7 July 1978: The death of Mary Swanzy on this day. An artist of some merit she never received great recognition for her considerable number of paintings that spanned decades both here and abroad. She was born in Dublin in 1882. ''Her parents, Sir Henry Rosborough Swanzy, an ophthalmic surgeon who played a central role in establishing the Royal Victoria Eye and Ear Hospital; and Mary (nee Denham), were, as Julian Campbell put it in his 1986 study of the painter, “of the professional Protestant classes who were so influential in that generation''.
Aiden Dunne Irish Times 19 January 2019
She seems to have had a perfectly normal though somewhat straitlaced upbringing, traits that continued into adult life. She basically kept herself to herself and dedicated her energies to her work as an artist. Competent rather than brilliant she nevertheless produced quite a range of paintings that covered many different styles.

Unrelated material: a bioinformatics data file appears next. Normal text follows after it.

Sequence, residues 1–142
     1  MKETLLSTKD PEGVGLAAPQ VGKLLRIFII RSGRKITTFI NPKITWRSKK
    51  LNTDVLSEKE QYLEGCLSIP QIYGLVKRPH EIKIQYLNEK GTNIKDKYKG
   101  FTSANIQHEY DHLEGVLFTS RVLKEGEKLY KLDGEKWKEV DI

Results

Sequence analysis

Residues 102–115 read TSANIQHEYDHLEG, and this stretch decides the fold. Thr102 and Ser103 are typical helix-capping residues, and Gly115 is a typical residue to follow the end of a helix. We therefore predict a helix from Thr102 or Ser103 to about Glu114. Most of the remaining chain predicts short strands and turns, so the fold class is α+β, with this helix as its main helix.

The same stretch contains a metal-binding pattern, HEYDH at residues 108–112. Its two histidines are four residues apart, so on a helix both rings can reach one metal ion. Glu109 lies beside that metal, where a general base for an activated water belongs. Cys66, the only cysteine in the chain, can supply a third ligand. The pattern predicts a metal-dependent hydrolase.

With the death of her parents she became financially independent after the Great War. With political turmoil in Ireland and the involvement of a 2nd cousin in a notorious incident she set off to travel the World, visiting the South Sea islands amongst other places. She only came back to live in Dublin in the Second World War presumably to avoid the bombing of London where she usually lived. In 1943, she held a one-woman show at the Dublin Painters' Gallery, and she was also featured at the first Irish Exhibition of Living Art. She was exhibited at St George's Gallery, London in 1946.
Swanzy was made an honorary member of the RHA in 1949, showing with them in 1950 and 1951. She did not exhibit in Ireland for a number of years, but the Hugh Lane Gallery held a major retrospective of her work in 1968. Following this she held two one woman shows at the Dawson Gallery in 1974 and 1976. In 1975 she was featured at the Cork ROSC and resumed showing with the RHA. She continued to paint until her death at her home in London on 7 July 1978.